Stephen peeks through the open doorway. He says, "You don't even have the fan on." 

I look at the fan sitting on the floor three feet from my chair. "Oh yeah."

As I go to turn the thing on, Stephen says, "What would you do without me?" 

"I'd die," I say. "I'd die an embarrassing, embarrassing death."

Thursday, July 10, 2014

the night, and the rain, and the river: authors' favorite lines - part four


Here's the last in my little series of the authors' own favorite passages from their stories in the Forest Avenue Press short story anthology The Night, and the Rain, and the River. Today's edition: Alisha Churbe, Ellen Davidson Levine and Trevor Dodge.

ALISHA CHURBE
From "All is Not Lost"


My story is non-traditional in form. I didn't get to start my story with a first line that had any kind of impact. The form was restrictive and didn't follow many of the guidelines that are laid for short stories. I didn't get to think about that as the story couldn't start anywhere other than with "Dear Gary." I did try other forms for the story, but Marlene really demanded to be center of attention. In looking for the line for your project, I was able to choose something that would really draw a reader into the story.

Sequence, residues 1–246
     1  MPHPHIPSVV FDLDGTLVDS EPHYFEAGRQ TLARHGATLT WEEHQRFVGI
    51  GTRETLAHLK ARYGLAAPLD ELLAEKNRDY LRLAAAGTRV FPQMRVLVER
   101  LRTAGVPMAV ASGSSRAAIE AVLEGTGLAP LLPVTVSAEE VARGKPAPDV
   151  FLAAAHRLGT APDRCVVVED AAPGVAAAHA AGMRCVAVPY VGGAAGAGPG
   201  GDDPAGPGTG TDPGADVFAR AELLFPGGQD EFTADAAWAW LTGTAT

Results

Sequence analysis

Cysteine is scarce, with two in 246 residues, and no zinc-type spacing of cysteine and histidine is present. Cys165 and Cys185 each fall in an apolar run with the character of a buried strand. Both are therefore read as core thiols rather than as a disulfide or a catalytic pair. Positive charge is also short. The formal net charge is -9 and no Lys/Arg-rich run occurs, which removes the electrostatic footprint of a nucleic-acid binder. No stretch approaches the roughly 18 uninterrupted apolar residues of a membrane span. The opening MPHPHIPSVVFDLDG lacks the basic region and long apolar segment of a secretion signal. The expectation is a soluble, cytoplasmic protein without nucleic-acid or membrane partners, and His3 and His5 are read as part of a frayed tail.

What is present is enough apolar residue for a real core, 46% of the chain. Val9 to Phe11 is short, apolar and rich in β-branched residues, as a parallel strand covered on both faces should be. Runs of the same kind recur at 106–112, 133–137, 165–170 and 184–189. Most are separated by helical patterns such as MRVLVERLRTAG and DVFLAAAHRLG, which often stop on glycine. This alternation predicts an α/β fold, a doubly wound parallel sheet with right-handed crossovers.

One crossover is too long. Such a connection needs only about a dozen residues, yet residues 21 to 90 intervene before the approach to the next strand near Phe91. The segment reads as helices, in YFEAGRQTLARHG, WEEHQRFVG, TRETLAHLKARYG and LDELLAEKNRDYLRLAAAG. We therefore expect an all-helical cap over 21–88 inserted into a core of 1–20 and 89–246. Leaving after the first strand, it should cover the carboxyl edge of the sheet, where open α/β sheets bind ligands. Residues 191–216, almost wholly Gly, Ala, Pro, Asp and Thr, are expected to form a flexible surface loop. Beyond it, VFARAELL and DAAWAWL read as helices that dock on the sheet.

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Two for ELLEN DAVIDSON LEVINE
From "The Dog War"

I like the way the words sound together and what they say about the narrator of "The Dog War." He's a high school teacher at the end of the school year, a philosopher, and a romantic who can savor both the smell of lilacs and the scent of passing animals. Here, I try to create a moment of quiet before conflict erupts. I like this quote also because the only time of year I awaken willingly at dawn is in summer.



I remember when I wrote this, I wanted to show how Jim Shuster, the narrator, observes life through the lens of history. I also wanted to reflect the part of him that's connected to nature and rural life. Here too, I like the way the words fit together.


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TREVOR DODGE
From "Real World Reject"



I've been a letter writer and pen pal of some kind my entire life, and I’m always intrigued at how our personal correspondences with others can both buoy and drown us. In “Real World Reject," the narrator sees the opening and reading of the mail as a simple form of validation. I mean, there are few things more depressing than going to the mailbox and finding it empty; in a way, we’re all like Charlie Brown when we go there, waiting for a letter from The Little Red-Haired Girl that is never going to come.

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If you want to check out the book, more info is here.

The Night, and the Rain, and the River is edited by Liz Prato and is available through all the usual places, but my favorite is here..

Wednesday, July 2, 2014

the night, and the rain, and the river: authors' favorite lines - part three


More of the authors' own favorite passages from their stories in the Forest Avenue Press short story anthology The Night, and the Rain, and the River. Today's edition: Domi J. Shoemaker, Christi Krug and Steve Denniston.